As you move into the second week, it’s time to kick things up a notch. Increase your walking duration to 30 to 35 minutes per session. You’re pushing your boundaries, challenging your body to adapt and grow stronger.

But we’re not stopping there. Oh no, we’re just getting started. From here on out, I want you to add two to three precious minutes to your walks with each passing week. It may seem like a small increment, but it’s these incremental steps that will lead you to greatness. Keep adding those minutes until you’re comfortably walking for at least an hour. Feel the confidence surge through your veins as you conquer each milestone.

Once you’ve reached the point where you can power walk for an hour without breaking a sweat, it’s time to unleash the true runner within you. It’s time to embrace the run/walk method, alternating between easy jogs and well-deserved walking breaks. By incorporating short bursts of running into your regular walks, you’ll extend your endurance, push your limits, and remain injury-free.

How Much is Enough?

The exact run to walk ratio depends, mostly, on your current fitness level and training goals.

Now, here’s the golden rule: take breaks at the right times. Just like a well-timed pit stop during a thrilling race, these breaks will ensure you don’t push yourself to the brink of exhaustion. It’s all about strategic rest, my friend.

Let’s explore three walk-to-running ratios that you can experiment with. Remember, you have the freedom to choose the one that suits you best. No pressure, no judgment—just you and your personalized running journey.

If you’re just starting out on this exhilarating path, consider yourself a complete beginner. Start by running at an easy and slow pace for 10 to 20 seconds, and then reward yourself with a rejuvenating one to two minutes of walking. Feel the rhythm of this alternating dance between running and walking, allowing your body to adapt and grow stronger with each step.

As you progress and enter the intermediate stage, typically after two to three weeks of consistent running, it’s time to challenge yourself a little further. Embrace the runner within you by extending your running intervals. Push yourself to run for two to five minutes, and then savor the bliss of one to two minutes of walking. It’s a delicate balance, a symphony of effort and recovery, propelling you towards your running aspirations.

Now, if you’ve been on this running journey for over a month, congratulations! You’ve reached the realm of experience. It’s time to unleash your true potential. Challenge yourself to run for a solid ten minutes, immersing yourself in the sheer exhilaration of movement. Then, catch your breath with a short but well-deserved 30 seconds to one minute of walking.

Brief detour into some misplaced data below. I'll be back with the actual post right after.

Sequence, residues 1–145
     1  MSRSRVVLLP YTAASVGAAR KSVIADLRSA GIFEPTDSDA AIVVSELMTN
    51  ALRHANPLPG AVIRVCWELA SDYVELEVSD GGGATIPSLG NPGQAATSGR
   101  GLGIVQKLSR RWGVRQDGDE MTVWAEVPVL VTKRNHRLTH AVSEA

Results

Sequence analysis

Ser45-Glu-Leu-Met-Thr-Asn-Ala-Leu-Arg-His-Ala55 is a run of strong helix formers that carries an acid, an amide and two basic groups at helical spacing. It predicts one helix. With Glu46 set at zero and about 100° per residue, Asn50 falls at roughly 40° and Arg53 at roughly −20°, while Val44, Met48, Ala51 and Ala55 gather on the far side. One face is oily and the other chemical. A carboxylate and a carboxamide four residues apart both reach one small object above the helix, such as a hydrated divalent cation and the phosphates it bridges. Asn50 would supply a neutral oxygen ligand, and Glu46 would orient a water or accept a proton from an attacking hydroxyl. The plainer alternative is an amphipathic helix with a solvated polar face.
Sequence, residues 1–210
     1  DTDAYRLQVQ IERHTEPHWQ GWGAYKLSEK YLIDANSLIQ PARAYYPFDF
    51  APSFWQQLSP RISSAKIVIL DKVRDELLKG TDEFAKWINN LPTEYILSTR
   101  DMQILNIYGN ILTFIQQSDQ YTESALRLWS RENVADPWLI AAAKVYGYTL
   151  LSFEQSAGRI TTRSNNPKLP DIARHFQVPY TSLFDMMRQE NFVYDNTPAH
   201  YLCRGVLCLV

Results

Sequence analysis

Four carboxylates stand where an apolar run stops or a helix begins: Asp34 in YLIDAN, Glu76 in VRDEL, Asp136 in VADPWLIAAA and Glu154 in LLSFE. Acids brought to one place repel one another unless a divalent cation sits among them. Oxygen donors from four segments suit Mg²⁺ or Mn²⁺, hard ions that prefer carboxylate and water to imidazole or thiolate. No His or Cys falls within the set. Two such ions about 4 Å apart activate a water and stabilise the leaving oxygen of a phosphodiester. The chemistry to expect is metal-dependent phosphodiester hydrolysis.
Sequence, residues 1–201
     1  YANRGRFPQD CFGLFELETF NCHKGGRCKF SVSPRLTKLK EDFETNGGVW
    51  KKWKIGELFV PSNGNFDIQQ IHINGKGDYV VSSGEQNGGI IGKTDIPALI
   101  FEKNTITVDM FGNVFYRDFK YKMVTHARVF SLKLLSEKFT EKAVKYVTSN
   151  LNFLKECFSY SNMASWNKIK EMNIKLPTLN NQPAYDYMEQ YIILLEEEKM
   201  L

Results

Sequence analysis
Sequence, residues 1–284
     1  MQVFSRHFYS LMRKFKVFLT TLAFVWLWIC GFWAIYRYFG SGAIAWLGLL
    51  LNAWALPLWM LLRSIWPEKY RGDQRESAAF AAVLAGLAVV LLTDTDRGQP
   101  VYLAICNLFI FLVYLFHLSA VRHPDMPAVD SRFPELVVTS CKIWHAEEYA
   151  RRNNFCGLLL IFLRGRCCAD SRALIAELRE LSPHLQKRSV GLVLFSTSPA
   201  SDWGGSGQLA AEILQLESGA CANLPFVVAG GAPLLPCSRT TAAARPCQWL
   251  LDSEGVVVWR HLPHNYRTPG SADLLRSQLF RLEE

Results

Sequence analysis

Additional resource – Here’s your guide to running three miles a day.

Run For longer

As you progress on your running journey, the key is to gradually increase the time you spend running while reducing the number of recovery breaks you take. It’s a beautiful dance between pushing your limits and allowing your body to adapt and grow stronger. Picture it like a challenging puzzle where each piece fits into place with each passing day.

Now, let’s talk about reaching that magical milestone of running for a solid 25 to 30 minutes without feeling like you’re gasping for air. The timeline for reaching this goal varies depending on your current fitness level, but one thing is certain: consistency is the name of the game.

Stay committed and trust the process.

With each step, each breath, and each stride, you’ll inch closer to that moment of effortless running bliss.

Once you’ve conquered the 30-minute mark with ease, it’s time to level up your running game. It’s time to add a dash of variety to your training program. Think of it as spicing up a delicious dish with different flavors and textures. You can add distance to challenge your endurance, incorporate speed work to enhance your quickness, and conquer hills to strengthen those leg muscles. The possibilities are endless, and your running adventure is about to get even more exciting.

Now, let’s talk about exertion levels during your runs. It’s important to find that sweet spot where you’re pushing yourself enough without going into full-on sprint mode. Aim for a 6 to 7 out of 10 on the exertion scale during the running portion of your workout. Feel the burn, embrace the challenge, but also listen to your body’s cues.

And when it’s time to switch to a walking break, dial it down to a comfortable 2 to 3 on the exertion scale. It’s all about finding that delicate balance and honoring your body’s needs.

Want more structure?

Try my couch to 5K treadmill plan.